A NYE Cork-Popping Champagne Primer
On occasion, I get a deeply atavistic jones for champagne. New Year’s Eve is really no different than any other day except that I will likely consume more of it than normal. For some reason — recession-related, a glimmer of good times in the darkness of bad? — there’s a lot of chatter about bubbly, more so than I can remember from the recent past. The New York Times alone did three stories on bubbly, and a host of others publications have run their usual seasonal champagne primers. Here’s something to get you started.
I’m pretty loyal to Veuve Clicquot and was psyched to read the review of Tilar J. Mazzeo’s The Widow Clicquot about Barbe-Nicole Clicquot breaking the glass ceiling (and the Napoleonic code that women remain subservient) and introducing the world to Veuve Clicquot. Proves what little I knew about the Clicquot brand. Her winemaker husband died young and left the business to his wife. The rest is history.
If you’re more the renegade champagne type and go for indie labels, GQ did a fine item in this month’s issue on the industry’s overlooked brands (Diebolt-Vallois Brut Blanc de Blancs sounds especially tasty). If you want to try a different kind of bubbly without the French price tag, try prosecco, Italy’s alternative to champagne. The nice bubbles, affordability, and sound kick are reflected by the growing popularity — sales have seen double-digit increases for the past ten years. But some Prosecco makers want to keep it a secret from the rest of the fizz biz. “If everyone around the world plants prosecco, we will lose the value of the name,” one regional rep told the Times.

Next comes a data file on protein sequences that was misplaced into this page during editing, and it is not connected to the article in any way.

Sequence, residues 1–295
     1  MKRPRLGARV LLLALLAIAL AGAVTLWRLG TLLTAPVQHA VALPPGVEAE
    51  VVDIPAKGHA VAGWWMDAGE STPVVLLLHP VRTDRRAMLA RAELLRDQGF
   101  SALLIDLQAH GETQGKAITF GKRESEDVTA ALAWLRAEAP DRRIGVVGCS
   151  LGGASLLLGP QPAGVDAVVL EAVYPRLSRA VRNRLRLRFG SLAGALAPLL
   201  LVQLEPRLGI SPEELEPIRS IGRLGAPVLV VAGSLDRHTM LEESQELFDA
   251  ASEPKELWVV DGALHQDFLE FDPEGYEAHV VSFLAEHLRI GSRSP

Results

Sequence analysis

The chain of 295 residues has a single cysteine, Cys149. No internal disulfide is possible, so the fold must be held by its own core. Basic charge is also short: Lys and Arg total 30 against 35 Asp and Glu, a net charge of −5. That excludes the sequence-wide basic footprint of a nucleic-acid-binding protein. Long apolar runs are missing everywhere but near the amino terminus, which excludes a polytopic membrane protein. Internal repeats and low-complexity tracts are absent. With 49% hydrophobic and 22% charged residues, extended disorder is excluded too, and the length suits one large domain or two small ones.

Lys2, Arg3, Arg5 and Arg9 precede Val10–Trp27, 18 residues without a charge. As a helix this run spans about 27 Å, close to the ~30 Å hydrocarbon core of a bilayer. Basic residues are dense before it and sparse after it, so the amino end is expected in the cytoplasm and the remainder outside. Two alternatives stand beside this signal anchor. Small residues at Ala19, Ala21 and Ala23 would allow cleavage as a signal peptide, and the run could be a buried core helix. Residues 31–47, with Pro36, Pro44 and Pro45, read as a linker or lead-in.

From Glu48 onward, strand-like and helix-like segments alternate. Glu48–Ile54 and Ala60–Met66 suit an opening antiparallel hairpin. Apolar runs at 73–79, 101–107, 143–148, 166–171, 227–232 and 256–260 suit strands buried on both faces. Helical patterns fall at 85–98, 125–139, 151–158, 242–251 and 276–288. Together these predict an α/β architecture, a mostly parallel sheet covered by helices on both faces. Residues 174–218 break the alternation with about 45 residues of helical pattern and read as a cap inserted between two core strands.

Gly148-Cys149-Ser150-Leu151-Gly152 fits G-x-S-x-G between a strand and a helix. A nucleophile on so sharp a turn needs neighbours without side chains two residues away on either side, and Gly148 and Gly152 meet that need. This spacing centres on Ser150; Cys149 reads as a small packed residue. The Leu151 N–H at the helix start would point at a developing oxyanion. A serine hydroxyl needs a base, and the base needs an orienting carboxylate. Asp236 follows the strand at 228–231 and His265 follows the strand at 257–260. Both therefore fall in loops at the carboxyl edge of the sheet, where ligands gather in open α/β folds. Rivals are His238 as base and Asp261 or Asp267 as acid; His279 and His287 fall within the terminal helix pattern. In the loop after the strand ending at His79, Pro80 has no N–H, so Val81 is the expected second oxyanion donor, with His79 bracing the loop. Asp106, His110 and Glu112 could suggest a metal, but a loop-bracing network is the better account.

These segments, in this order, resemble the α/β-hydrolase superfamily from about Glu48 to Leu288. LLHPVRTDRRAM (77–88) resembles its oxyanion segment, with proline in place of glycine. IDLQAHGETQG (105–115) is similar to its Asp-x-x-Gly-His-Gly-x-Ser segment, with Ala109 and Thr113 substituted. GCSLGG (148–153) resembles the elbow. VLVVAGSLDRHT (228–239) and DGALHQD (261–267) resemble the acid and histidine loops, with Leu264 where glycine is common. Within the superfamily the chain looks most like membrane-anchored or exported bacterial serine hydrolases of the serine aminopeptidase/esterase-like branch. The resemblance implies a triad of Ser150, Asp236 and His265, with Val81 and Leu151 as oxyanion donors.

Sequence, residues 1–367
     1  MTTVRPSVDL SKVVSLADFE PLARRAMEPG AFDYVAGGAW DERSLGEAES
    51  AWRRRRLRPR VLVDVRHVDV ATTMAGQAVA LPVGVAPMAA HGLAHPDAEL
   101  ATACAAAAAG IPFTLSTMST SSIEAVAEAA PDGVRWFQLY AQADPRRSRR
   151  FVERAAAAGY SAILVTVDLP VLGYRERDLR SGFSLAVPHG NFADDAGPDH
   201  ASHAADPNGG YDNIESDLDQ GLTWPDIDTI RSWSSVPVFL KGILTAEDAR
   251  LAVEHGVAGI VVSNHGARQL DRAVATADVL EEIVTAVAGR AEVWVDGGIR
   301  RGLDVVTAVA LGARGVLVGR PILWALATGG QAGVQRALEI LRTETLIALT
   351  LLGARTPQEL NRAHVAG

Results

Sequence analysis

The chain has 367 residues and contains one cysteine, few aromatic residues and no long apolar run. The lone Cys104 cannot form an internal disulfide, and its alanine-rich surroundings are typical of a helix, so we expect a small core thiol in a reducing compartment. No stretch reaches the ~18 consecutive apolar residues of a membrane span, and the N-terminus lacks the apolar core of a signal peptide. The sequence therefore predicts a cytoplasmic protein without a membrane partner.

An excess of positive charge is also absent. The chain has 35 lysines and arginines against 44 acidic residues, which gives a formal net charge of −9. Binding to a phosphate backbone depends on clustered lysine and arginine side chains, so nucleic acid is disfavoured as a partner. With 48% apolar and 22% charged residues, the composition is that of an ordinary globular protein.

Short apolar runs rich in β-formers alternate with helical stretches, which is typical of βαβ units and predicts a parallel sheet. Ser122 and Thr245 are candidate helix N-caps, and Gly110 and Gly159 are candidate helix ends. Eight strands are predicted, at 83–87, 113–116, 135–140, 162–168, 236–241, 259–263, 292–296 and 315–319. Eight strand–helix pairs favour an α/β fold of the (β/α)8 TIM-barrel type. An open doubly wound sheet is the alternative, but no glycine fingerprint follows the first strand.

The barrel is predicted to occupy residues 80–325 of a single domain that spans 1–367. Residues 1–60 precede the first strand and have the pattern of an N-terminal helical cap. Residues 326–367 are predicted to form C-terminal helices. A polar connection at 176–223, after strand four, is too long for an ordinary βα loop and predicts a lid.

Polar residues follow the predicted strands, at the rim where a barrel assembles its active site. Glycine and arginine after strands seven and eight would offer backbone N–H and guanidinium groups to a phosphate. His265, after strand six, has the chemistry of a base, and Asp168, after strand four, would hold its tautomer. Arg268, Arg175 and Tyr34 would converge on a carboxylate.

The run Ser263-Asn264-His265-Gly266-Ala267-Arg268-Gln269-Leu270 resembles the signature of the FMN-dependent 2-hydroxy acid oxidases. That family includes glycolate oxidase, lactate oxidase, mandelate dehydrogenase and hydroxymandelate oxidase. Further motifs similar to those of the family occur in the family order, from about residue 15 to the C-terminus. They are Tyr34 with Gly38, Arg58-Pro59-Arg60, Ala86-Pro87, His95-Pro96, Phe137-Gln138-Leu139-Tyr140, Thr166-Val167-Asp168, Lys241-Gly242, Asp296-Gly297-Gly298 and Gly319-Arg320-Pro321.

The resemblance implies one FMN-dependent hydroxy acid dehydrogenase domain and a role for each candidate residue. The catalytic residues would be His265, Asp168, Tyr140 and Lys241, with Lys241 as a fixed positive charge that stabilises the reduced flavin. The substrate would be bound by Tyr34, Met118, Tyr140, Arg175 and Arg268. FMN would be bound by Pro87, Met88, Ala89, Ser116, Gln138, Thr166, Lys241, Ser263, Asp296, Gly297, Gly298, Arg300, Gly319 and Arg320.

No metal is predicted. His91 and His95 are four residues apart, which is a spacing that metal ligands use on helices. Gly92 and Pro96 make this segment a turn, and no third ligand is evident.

Finally, let’s talk about where you pour the bubbles. I tend to get my swerve going around midnight, so saucer-type stemware is out of the question (rumor has it that the glass was modeled after Marie Antoinette’s breasts). The curvy trumpet style makes it look like I’m drinking a very dainty glass of beer. Pass. So that leaves flutes, which are generally idiot proof — my kind of glass. From the a recent story, I got the sense sommeliers prefer the flute, in crystal of course. But be gentle. “I entertain a lot at home,” one sommelier told the Times, “and the most important thing is durability.”